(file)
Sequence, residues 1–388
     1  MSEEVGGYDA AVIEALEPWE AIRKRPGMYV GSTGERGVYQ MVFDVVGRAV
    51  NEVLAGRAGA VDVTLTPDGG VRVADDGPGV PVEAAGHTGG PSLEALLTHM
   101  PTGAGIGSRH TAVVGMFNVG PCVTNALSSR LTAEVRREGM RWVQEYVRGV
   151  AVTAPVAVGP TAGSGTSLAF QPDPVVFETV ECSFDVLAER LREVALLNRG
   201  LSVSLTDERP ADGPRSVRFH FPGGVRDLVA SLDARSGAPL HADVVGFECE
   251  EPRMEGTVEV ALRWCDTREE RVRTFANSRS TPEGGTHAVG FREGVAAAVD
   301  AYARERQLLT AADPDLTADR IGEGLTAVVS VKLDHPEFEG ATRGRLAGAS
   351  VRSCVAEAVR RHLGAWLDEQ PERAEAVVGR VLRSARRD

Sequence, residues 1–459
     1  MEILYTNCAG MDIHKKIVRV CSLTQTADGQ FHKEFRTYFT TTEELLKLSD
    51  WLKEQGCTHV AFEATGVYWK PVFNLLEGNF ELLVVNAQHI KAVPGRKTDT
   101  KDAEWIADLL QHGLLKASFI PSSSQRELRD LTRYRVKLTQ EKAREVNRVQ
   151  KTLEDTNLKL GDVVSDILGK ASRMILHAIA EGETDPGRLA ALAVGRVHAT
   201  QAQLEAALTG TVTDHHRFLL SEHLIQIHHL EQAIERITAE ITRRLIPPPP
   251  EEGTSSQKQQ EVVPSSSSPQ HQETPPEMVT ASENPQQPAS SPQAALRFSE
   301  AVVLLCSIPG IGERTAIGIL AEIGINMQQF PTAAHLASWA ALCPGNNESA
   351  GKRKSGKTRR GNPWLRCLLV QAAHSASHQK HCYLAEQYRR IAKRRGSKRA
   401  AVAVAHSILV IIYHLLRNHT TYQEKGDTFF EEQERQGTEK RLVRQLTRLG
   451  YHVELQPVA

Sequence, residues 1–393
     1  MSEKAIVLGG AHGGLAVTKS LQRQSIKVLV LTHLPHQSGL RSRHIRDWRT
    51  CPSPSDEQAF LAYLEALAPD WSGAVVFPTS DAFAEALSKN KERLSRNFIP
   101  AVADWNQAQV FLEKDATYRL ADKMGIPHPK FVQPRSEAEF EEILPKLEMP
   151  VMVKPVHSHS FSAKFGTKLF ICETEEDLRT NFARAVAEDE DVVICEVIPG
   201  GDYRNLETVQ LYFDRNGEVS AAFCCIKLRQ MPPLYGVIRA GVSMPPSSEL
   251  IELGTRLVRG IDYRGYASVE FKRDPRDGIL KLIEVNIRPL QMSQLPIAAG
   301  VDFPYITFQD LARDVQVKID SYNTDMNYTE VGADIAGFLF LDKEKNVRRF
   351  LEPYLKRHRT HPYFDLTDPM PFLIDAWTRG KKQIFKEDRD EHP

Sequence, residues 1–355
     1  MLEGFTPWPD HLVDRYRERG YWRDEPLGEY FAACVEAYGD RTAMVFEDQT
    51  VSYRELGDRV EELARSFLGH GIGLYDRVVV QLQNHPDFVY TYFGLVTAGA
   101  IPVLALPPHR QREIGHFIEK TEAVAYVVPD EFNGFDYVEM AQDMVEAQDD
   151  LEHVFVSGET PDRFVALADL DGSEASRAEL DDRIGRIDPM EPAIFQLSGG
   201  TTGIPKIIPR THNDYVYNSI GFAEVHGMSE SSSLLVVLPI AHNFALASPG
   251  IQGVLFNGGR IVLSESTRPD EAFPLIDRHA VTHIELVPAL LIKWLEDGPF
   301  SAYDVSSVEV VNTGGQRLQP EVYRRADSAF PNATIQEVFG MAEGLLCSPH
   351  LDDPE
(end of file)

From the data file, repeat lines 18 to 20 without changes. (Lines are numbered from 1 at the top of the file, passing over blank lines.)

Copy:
   351  GKRKSGKTRR GNPWLRCLLV QAAHSASHQK HCYLAEQYRR IAKRRGSKRA
   401  AVAVAHSILV IIYHLLRNHT TYQEKGDTFF EEQERQGTEK RLVRQLTRLG
   451  YHVELQPVA